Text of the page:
At 7 o’clock is a four-digit year display.
There is little additional information the wearer could possibly require.
The generous proportions of the dial, the careful choice of black, white and red hues, expertly used, ensure the dial retains superb legibility and ease of interpretation.
The case diameter of 48 mm is very large, 2 mm greater than my Big Pilot. It is a leviathan in horological terms and may not suit the petite wearer, but it would favour my welcoming wrist admirably.
The case material is very different for a Big Pilot. It is constructed from ceramic, zirconium oxide. This affords the watch modernity in stark contrast to the stainless steel used on previous iterations of the model.
The large crown is retained but constructed of titanium. This will offer a super-models mass when contrasted with steel, but also a contemporary character to the watch.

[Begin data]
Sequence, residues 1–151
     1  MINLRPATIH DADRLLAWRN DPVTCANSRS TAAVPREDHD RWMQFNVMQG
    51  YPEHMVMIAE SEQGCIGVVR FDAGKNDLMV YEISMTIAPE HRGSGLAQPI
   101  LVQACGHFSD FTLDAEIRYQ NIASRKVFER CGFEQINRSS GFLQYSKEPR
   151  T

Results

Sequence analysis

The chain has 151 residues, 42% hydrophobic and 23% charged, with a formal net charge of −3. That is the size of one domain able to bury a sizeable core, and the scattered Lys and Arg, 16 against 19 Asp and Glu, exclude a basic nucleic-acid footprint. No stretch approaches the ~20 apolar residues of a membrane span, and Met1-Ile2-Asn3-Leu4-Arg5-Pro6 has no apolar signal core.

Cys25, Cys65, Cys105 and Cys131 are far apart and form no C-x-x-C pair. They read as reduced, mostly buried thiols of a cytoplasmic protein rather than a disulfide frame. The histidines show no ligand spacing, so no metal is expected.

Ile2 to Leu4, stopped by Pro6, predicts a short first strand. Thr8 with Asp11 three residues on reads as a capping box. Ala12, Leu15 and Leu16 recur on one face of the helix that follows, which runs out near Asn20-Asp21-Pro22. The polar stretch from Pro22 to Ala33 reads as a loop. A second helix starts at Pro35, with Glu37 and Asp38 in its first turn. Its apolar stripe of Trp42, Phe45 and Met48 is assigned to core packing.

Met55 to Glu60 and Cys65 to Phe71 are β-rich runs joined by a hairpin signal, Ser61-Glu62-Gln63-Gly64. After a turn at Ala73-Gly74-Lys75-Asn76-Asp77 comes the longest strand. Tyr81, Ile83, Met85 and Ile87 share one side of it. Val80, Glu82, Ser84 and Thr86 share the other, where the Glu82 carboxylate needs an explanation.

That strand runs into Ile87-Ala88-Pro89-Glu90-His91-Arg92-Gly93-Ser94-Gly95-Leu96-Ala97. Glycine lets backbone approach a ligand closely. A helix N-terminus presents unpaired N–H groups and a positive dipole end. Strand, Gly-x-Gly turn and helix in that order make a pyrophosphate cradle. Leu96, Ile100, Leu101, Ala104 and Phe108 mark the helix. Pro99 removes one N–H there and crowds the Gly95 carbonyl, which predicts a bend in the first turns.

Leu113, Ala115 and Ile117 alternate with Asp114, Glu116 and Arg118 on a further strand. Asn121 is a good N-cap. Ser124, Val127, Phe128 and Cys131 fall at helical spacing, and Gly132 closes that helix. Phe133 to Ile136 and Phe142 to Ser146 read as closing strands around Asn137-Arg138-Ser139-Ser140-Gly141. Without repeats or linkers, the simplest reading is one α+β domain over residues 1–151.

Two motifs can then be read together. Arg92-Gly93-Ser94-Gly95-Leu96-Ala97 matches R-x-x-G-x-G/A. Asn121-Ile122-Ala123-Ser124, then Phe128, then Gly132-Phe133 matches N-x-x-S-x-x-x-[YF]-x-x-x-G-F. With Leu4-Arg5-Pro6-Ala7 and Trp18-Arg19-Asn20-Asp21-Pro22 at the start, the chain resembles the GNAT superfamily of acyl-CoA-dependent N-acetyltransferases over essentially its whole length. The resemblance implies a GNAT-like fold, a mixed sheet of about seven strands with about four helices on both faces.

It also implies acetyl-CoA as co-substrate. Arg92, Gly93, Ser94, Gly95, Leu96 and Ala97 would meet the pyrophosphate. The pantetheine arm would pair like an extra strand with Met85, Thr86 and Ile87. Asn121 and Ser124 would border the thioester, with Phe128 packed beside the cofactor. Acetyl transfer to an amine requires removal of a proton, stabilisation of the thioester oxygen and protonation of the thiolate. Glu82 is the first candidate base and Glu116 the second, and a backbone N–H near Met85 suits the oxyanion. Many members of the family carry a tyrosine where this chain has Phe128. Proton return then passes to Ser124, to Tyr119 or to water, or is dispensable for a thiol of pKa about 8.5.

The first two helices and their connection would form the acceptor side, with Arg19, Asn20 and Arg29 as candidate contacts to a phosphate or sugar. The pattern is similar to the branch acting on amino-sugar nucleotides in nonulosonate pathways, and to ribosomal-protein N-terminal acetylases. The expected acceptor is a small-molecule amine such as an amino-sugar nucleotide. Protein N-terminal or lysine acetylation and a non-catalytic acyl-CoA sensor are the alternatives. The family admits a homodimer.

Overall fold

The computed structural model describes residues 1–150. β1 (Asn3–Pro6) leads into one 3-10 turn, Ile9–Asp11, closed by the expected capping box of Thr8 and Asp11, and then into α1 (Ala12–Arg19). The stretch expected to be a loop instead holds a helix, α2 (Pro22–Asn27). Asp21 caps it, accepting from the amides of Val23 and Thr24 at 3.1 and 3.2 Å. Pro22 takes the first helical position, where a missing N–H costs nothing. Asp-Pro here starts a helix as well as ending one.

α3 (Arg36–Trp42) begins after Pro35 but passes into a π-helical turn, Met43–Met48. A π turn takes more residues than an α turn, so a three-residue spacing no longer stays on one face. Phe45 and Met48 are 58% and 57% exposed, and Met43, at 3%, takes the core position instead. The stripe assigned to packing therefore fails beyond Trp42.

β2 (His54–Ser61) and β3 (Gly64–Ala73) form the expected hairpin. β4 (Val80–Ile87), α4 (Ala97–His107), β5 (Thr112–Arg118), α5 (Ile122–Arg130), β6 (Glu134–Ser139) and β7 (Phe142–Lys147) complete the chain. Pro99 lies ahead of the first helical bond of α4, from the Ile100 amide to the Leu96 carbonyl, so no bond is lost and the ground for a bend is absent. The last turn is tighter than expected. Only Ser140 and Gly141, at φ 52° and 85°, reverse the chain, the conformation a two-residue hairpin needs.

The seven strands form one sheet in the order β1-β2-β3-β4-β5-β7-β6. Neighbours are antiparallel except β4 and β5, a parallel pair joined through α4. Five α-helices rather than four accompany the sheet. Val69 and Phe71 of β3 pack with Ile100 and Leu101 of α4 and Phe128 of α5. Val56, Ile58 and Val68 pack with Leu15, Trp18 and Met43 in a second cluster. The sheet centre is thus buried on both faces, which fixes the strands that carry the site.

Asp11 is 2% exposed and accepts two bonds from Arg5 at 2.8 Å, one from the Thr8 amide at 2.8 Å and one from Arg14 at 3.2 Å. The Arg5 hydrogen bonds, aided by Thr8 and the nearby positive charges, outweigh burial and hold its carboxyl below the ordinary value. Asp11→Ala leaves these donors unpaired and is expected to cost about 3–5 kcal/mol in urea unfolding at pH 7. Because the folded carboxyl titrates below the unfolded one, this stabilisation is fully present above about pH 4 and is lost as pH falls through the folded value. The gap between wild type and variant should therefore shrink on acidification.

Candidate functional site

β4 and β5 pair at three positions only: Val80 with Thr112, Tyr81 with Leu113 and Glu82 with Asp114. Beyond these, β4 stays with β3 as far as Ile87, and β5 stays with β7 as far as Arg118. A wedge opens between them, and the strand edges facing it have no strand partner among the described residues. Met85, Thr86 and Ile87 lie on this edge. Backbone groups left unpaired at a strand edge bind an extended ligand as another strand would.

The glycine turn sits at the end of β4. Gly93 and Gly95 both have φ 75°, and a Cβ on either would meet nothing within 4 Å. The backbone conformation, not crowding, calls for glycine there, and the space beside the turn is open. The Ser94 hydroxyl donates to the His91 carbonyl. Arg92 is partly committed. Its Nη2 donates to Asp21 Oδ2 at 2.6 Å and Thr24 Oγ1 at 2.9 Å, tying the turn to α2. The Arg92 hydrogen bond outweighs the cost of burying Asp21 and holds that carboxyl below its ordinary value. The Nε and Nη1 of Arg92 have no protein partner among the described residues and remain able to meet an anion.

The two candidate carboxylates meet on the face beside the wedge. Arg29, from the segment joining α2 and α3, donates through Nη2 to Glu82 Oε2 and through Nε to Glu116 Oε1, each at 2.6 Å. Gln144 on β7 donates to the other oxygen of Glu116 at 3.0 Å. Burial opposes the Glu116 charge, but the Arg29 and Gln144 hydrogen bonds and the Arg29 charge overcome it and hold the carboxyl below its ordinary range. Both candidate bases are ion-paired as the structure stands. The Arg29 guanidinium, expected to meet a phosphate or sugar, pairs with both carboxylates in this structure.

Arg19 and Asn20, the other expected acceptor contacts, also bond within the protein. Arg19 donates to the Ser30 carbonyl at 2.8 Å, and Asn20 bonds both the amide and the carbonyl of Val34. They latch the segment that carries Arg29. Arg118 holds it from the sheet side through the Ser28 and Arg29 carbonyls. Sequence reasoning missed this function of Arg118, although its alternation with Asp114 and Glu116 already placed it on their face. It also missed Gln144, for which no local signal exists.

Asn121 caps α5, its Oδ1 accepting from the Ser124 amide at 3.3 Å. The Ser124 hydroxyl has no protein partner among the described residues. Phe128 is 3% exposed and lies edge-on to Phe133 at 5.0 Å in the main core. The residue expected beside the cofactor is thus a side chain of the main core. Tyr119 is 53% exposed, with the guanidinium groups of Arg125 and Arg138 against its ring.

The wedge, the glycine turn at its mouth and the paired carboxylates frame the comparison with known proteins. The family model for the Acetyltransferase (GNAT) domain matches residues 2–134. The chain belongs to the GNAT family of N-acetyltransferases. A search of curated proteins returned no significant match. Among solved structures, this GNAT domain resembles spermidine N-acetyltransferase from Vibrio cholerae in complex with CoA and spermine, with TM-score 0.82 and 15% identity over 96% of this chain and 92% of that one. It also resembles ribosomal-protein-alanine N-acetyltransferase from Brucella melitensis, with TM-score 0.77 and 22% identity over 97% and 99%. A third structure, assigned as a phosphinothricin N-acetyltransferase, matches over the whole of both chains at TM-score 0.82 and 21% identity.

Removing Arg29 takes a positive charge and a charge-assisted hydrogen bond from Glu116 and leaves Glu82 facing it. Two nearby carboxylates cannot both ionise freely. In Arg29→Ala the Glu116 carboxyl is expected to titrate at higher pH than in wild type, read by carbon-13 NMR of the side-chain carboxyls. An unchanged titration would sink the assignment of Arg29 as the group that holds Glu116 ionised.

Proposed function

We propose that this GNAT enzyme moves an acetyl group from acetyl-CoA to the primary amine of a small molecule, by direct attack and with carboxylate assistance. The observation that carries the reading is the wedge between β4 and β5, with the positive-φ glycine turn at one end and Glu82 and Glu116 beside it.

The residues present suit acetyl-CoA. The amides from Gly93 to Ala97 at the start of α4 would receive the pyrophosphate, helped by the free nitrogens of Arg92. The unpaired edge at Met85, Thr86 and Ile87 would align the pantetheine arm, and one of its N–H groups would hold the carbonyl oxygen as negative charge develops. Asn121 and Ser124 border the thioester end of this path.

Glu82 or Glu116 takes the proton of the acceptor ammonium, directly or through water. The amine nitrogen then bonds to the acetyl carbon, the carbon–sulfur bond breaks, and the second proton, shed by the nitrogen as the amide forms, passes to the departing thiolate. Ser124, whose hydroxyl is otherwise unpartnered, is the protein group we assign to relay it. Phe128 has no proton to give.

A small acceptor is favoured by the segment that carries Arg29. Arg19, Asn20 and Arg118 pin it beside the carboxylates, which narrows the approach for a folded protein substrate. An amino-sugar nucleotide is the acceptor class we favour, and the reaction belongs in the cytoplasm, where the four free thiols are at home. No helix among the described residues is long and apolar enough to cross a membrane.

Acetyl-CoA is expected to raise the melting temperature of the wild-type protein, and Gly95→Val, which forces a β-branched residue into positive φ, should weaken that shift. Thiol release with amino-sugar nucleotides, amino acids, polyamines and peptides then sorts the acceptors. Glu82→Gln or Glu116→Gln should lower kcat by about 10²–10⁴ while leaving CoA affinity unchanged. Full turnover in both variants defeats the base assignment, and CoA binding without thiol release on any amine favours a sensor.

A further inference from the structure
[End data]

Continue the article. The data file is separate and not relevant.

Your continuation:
The caseback is solid, typical of all Big Pilot’s, but features the Top Gun logo of the United States Navy Fighter Weapons School.
The strap is again a departure from the original Big Pilot. The leather strap featuring four circular fastenings near the lugs has been abandoned in favour of a modern black soft strap. It is fitted with a blasted stainless steel deployant. The strap confers a neoteric appearance.
The Calibre 51614 contains 62 jewels and has an impressive 168 hour power reserve.
It provides the convenience of automatic winding. A blessing for those of a forgetful nature.
It has the same frequency of 21,600 vph of the calibre 51111 in my much loved Big Pilot, but offers the wonderful complication of a perpetual calendar.